Kidney Cancer – Warning Signs and Symptoms
Kidney cancer, often known as renal cancer, is in the top ten most common cancers that are diagnosed in the United States. Sitting in the eighth spot, kidney cancer accounts for more than four percent of all new cancers diagnosed according to the National Cancer Institute (NCI). According to the American Cancer Society, around 73,750 Americans will be diagnosed with kidney cancer this year.
That’s a lot, which is why it is important to know all you can about recognizing this disease. Join us as we learn about the warning signs, symptoms, and other factors that can help you understand this disease.
What are the Kidneys?
Kidneys are a set of bean shaped organs that are located on either side of the spine, which filter blood and remove the excess water, salt, and other materials from the body. The majority of the fluid traveling through the kidneys run through renal tubules; small tubes that assist with filtering out the impurities before the fluid is sent to the bladder as urine.
The most common form of kidney tumors often begin with the cells that make up the renal tubules, which is why kidney cancer is often called renal cancer.
Risk Factors for Kidney Cancer
Kidney cancer is caused by mutated DNA from cells in one or both of the kidneys, causing uncontrolled cell division and growth. While the exact cause of someone’s cancer may not be known, there are many risk factors that are linked with kidney cancer. These risks range from lifestyle choices to genetics.
Some known risk factors for kidney cancer include:
Obesity –Being overweight, especially when due to high fat diets, can increase your risk of kidney cancer.
Smoking –As many know, use of and exposure to tobacco has shown huge increases in cancer.
Environmental Exposures –If the environment that you live or work in has exposed you to substances such as Asbestos or Cadmium, you may have an increased risk of developing kidney cancer.
Kidney Dialysis –Those who require the help of long term dialysis due to their kidneys being unable to filter blood are at risk of developing kidney cancer.
High Blood Pressure –The strain of high blood pressure on the kidneys can increase your odds of having kidney cancer.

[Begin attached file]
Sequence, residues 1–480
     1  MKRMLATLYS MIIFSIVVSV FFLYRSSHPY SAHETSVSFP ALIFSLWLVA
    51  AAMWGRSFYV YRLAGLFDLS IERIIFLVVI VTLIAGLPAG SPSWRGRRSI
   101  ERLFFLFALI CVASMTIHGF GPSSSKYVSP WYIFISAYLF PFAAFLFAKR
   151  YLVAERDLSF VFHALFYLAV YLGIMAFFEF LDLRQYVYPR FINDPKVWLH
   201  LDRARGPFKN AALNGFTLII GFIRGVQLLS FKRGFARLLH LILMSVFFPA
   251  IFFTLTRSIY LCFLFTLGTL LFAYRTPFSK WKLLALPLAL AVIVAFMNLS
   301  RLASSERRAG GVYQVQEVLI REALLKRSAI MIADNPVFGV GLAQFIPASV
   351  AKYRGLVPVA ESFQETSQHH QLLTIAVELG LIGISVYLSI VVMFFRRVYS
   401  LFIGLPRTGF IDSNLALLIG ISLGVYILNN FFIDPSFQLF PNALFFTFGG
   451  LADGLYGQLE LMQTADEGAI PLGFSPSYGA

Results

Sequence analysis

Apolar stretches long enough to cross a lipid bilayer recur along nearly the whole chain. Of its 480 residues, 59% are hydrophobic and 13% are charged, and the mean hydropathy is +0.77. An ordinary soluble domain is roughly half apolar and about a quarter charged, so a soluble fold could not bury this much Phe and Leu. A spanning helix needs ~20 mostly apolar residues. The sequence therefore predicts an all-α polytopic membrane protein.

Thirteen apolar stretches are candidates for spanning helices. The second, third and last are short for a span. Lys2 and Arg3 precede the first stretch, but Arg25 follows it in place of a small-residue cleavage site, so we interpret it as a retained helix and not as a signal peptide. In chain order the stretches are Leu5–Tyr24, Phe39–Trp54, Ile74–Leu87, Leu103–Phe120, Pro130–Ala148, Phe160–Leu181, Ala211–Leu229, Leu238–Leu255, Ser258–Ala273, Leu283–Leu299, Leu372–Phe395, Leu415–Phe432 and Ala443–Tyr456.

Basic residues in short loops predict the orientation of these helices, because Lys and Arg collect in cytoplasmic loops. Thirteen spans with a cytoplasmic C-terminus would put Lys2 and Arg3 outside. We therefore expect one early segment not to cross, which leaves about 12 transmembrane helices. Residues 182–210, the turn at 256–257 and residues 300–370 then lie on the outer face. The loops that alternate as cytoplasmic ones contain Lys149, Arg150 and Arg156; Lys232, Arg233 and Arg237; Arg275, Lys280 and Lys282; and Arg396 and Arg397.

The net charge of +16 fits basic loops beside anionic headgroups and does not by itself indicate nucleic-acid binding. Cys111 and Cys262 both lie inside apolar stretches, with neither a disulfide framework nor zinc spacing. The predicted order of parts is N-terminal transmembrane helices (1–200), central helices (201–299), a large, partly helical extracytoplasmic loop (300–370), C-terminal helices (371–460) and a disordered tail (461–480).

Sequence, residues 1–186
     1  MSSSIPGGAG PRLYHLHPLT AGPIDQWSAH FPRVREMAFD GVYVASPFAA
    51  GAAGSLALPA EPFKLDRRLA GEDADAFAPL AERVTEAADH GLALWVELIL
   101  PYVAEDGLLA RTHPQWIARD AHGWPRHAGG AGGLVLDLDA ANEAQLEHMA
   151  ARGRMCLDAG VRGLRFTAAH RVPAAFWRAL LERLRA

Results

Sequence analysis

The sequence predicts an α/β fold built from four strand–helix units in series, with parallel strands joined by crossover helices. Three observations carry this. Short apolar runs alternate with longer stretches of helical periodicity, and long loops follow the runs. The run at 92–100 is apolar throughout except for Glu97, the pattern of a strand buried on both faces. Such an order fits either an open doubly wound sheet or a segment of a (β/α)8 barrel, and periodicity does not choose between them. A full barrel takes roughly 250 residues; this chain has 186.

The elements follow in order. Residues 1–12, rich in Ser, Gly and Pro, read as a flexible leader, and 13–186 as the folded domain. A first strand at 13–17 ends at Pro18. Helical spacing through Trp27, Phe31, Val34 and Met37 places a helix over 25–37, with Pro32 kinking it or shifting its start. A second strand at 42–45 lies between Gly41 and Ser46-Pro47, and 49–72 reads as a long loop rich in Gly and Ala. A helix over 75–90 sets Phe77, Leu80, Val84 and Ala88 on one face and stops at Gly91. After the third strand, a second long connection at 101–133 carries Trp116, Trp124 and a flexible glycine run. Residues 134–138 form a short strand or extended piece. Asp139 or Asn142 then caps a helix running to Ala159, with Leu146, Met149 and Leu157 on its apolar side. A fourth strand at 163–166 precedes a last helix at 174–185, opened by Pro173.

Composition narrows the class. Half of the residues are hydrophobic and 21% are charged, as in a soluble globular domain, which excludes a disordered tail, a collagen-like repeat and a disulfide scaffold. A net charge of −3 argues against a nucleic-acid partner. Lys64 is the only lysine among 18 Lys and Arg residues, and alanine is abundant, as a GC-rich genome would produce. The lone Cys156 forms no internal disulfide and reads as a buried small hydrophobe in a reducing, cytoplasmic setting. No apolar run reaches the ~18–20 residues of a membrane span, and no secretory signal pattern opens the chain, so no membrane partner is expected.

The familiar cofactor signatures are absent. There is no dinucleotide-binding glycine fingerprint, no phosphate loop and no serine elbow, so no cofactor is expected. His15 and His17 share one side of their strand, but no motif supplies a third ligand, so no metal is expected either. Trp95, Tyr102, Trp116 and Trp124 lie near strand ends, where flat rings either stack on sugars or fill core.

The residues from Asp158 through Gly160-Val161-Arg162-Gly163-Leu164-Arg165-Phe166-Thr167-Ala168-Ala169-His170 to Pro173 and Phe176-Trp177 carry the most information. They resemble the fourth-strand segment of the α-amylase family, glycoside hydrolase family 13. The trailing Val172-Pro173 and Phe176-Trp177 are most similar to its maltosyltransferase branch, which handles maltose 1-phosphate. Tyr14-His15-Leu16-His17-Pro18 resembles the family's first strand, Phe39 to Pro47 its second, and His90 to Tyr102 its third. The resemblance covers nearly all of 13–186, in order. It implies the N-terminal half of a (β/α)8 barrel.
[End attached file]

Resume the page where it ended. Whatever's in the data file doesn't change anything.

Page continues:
Genetics –When you have a family history of kidney cancer or other kidney related diseases, your odd of developing kidney cancer increase.
Inherited genetic conditions can also increase your risks. These conditions include:
- Hereditary renal oncocytoma, -typically benign kidney tumors.
- Hereditary Leiomyoma Renal Cell Carcinoma -rare gene mutation that can cause bumps on the skin, and in women, can cause large fibroids in the uterus.
- Birt-Hogg-Dube-Syndrome –skin disease that disturbs hair follicles. Often associated with kidney tumors and causing air pockets in the lungs.
- Von Hippel-Lindau Disease –genetic mutation that causes kidney tumors.
- Hereditary Papillary Renal Carcinoma –a hereditary form of kidney cancer that typically effects both kidneys.
Early Warning Signs of Kidney Cancer
Kidney cancer is typically difficult to find in the early stages. Usually kidney cancer is only found early when seen on an X-ray or Ultrasound that had been ordered for other reasons. Kidney cancer is difficult to diagnose early for many reasons. One of the main reasons being the location of the kidneys. Located deep inside the body, many early warning signs for other forms of cancer can be overlooked or simply impossible to notice with kidney cancer.
Many individuals only discover that they have kidney cancer through hematuria, or blood in the urine. Hematuria makes the urine appear rusty or even dark red.
Other common signs of kidney cancer include:
- Loss of appetite or unexplained weight loss
- Lower back pain or pressure on one side that doesn’t go away
- A mass or lump on the side or lower back
- Persistent fever not caused by an infection
- Swelling of the legs and ankles
Diagnosing Kidney Cancer
If you show the above symptoms, your doctor has many tools at their disposal to discover if you have developed cancer. Lab tests, such a urinalysis and advanced genomic testing are fairly noninvasive options. Doctors may also use imaging tests, such as CT scans, MRIs and PET/CT, which allow the doctor a glimpse inside the body. Another option that doctors have is preforming a biopsy. Biopsies are a minor surgical procedure that allow your doctor to take a sample from a tumor to determine if it is cancerous or not.
Treating Kidney Cancer
While surgery to completely remove that cancer is the first option for most patients with kidney cancer, sometimes other treatments are necessary. These other treatments include:
Chemotherapy –the use of cancer killing drugs to attack and kill fast growing cancer cells.
Radiation Therapy –the use of controlled and targeted energy to shrink tumors and destroy cancerous cells.
Immunotherapy –disrupts the chemical signals that cancer cells send, allowing doctors to hide them from the immune system.
Targeted Therapy –identifies the exact receptors and proteins unique to kidney cancer and targets those to kill cancer cells.
While kidney cancer is often found at later, harder to treat stages, knowing the signs and your own family history can help you and your doctor see the signs. Early detection is the best way to fight cancer!
Written by D. Maves